James DeutschJames Deutsch ’70 is a curator at the Smithsonian Institution’s Center for Folklife and Cultural Heritage (residents of the DC area and summertime visitors will recognize the Center for Folklife as responsible for the massive outdoor festival on the Mall each summer which highlights cultural traditions from 2-3 countries or American regions every year).  In connection with Disney’s release of yet another version of Cinderella, he examined the continuing hold that the story has over us, in a piece at Smithsonian.com. It’s a nice piece, and fairy tales in general (and Cinderella in particular, aside from its metaphorical meaning in the context of athletic tournaments) have been badly neglected here at EphBlog, so here are some highlights:

Dozens of [] filmmakers have borrowed elements of the tale, starting as early as 1899 with a French version directed by the pioneering filmmaker Georges Méliès. And perhaps the best known is the 1990 Pretty Woman, a retelling of both Cinderella and George Bernard Shaw’s Pygmalion, starring Julia Roberts as Vivian, who is magically transformed from rags to riches.

The appeal of Cinderella extends not only to filmmakers, but also to folklorists and early collectors of folktales, such as the Brothers Grimm—Jacob and Wilhelm—who included the story of Aschenputtel (Ash Girl) in their well-known German collection, Kinder- und Hausmärchen (Children’s and Household Tales), first published in 1812. Charles Perrault included a similar tale even earlier—under the title of Cendrillon (Cinderella)—in his French collection of tales, Histoires ou Contes du Temps Passé, avec des Moralités: Contes de Ma Mere L’Oye (Stories or Tales from Time Past, with Morals; Tales of Mother Goose), first published in 1697. Going back even further, folklorists have traced the story to 9th-century China, in which Yeh-Shen overcomes an evil stepmother, thanks to a golden slipper that transforms her rags to beautiful clothes and enables her to marry a wealthy king.

Deutsch rightly links the enduring popularity of Cinderella to its association with basic premises underlying American society:

she is able to rise out of ashes and cinders to achieve a position of wealth and stature. This is the same basic story that fuels what some call “the American dream”—a belief that you too will rise to the top because you have the requisite pluck and need just a little luck—such as a pumpkin coach or a prince who finds you at long last with your glass slipper in his benevolent hand. This belief is reinforced by actual rags-to-riches cases, from Benjamin Franklin and Abraham Lincoln to Barack Obama, Oprah Winfrey and . . . yes, even Walt Disney himself…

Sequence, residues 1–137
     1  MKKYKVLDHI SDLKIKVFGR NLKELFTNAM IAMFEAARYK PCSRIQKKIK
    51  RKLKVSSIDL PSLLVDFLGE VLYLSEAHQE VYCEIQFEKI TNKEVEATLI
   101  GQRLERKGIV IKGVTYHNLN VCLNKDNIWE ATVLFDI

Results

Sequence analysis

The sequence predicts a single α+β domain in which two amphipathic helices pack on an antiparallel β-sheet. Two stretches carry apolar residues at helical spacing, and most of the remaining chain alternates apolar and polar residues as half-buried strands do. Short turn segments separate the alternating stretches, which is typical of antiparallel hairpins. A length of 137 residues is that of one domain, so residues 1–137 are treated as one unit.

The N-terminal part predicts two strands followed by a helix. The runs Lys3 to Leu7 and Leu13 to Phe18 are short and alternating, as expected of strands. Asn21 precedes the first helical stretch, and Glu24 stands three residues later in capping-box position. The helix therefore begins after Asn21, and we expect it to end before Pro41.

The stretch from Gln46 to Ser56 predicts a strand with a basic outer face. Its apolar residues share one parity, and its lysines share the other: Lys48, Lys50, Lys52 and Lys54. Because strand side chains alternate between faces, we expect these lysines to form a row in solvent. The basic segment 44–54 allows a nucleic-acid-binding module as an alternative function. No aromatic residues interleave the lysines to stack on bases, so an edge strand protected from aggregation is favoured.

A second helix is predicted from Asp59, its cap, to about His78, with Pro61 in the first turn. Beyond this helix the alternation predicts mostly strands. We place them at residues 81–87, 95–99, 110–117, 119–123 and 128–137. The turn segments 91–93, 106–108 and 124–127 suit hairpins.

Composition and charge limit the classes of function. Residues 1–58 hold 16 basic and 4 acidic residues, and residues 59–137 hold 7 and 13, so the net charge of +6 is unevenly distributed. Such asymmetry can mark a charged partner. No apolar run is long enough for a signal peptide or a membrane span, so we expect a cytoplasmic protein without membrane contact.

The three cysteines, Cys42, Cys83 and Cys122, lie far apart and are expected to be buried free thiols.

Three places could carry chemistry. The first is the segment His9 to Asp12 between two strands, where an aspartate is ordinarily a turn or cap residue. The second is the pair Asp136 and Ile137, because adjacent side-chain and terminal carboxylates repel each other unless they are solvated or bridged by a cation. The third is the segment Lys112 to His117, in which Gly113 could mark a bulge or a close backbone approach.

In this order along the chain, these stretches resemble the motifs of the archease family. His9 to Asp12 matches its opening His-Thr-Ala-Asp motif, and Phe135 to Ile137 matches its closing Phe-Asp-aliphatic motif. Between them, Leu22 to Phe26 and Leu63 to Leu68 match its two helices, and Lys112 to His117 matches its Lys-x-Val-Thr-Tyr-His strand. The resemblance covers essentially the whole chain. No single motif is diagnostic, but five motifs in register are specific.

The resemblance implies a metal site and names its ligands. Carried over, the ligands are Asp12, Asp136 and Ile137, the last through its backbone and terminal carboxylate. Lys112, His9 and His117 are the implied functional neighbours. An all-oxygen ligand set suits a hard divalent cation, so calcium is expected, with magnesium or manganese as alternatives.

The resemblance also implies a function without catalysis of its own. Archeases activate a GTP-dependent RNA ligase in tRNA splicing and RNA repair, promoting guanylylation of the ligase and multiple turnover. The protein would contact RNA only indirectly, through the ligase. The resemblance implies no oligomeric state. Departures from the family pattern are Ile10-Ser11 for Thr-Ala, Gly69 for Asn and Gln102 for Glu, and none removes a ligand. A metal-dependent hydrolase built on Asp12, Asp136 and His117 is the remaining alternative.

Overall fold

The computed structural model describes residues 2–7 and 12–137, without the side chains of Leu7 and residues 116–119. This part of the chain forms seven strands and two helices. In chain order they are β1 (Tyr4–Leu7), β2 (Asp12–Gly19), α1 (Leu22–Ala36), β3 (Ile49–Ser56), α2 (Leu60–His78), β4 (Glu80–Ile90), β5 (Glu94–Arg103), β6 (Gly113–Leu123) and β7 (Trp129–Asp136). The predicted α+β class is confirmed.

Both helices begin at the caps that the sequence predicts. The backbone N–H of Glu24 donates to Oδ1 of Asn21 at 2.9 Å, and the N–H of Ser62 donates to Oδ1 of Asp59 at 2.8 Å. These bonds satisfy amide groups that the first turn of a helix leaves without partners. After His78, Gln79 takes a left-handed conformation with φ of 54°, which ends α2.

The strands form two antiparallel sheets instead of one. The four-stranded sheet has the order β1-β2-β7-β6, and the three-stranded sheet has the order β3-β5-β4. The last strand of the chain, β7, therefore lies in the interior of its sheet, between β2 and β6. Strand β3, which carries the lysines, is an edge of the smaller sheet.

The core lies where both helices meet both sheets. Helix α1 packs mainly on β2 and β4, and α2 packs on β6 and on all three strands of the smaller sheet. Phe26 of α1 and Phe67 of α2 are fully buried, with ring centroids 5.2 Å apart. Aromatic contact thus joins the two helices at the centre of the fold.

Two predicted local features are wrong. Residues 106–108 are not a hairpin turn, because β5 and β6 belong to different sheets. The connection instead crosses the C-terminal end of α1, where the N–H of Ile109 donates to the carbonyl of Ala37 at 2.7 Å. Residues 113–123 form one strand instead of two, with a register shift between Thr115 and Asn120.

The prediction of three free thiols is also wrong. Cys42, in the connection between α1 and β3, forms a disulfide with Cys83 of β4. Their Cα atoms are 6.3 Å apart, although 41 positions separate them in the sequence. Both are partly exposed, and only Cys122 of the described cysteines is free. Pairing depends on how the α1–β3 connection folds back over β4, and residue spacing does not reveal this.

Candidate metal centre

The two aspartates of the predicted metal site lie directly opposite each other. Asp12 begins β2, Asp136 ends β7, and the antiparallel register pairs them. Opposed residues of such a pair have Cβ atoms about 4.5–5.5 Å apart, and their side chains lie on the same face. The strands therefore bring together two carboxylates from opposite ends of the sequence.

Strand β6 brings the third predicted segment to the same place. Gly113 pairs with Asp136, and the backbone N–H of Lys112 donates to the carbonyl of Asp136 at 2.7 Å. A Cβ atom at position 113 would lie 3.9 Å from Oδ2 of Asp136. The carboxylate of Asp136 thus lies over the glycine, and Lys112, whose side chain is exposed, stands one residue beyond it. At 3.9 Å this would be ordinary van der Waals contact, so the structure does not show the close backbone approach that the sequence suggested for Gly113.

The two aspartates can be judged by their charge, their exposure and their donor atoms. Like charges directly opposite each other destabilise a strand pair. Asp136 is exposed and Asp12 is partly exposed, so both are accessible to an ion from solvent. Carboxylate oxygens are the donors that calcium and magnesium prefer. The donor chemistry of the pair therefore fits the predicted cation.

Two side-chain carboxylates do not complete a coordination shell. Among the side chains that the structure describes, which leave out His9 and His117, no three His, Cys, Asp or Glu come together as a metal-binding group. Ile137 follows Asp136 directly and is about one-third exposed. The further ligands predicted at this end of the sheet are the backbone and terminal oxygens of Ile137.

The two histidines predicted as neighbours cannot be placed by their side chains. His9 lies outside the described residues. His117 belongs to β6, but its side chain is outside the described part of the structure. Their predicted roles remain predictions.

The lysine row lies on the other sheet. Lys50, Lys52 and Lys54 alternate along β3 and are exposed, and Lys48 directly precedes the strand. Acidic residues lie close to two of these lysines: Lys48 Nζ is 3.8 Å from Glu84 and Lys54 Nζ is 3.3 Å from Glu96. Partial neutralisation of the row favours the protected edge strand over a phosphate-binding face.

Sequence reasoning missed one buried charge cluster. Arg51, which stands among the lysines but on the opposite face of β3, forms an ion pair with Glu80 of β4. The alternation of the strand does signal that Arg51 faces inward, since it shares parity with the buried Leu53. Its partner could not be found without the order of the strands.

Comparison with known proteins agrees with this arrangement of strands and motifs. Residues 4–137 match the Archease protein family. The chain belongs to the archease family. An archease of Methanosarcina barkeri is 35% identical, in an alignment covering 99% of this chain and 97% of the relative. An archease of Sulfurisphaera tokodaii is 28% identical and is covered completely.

Similarly, the story of Cinderella tells us that virtue is rewarded and evil is punished… Not only is virtue rewarded, so too is action. Cinderella is not a passive wimp who simply wishes upon a star. She makes things happen through her fortitude, perseverance, and wise decisions—albeit with some help from a magical fairy godmother. In similar fashion, Americans regard themselves as can-do people who take the bull by the horns, not letting the grass grow under their boots on the ground. By the way, all of those proverbial expressions are wonderful illustrations of folklore at work in the contemporary world.

Aside from presentations of “Into the Woods” by Stephen Sondheim ’50, is Williams doing its part to help American Cinderella stories? Notwithstanding the conventional wisdom, that top colleges and universities need to do more to recruit and admit low-income applicants (i.e. candidates with “the requisite pluck” but needing just “a little luck”), EphBlog has made the case that high-ability, low-income applicants are not underrepresented at Williams, that legacy candidates are not given excessively favorable treatment, and that, if Williams were to try to toss more “luck” in the wind, more honesty regarding graduation prospects would be required.

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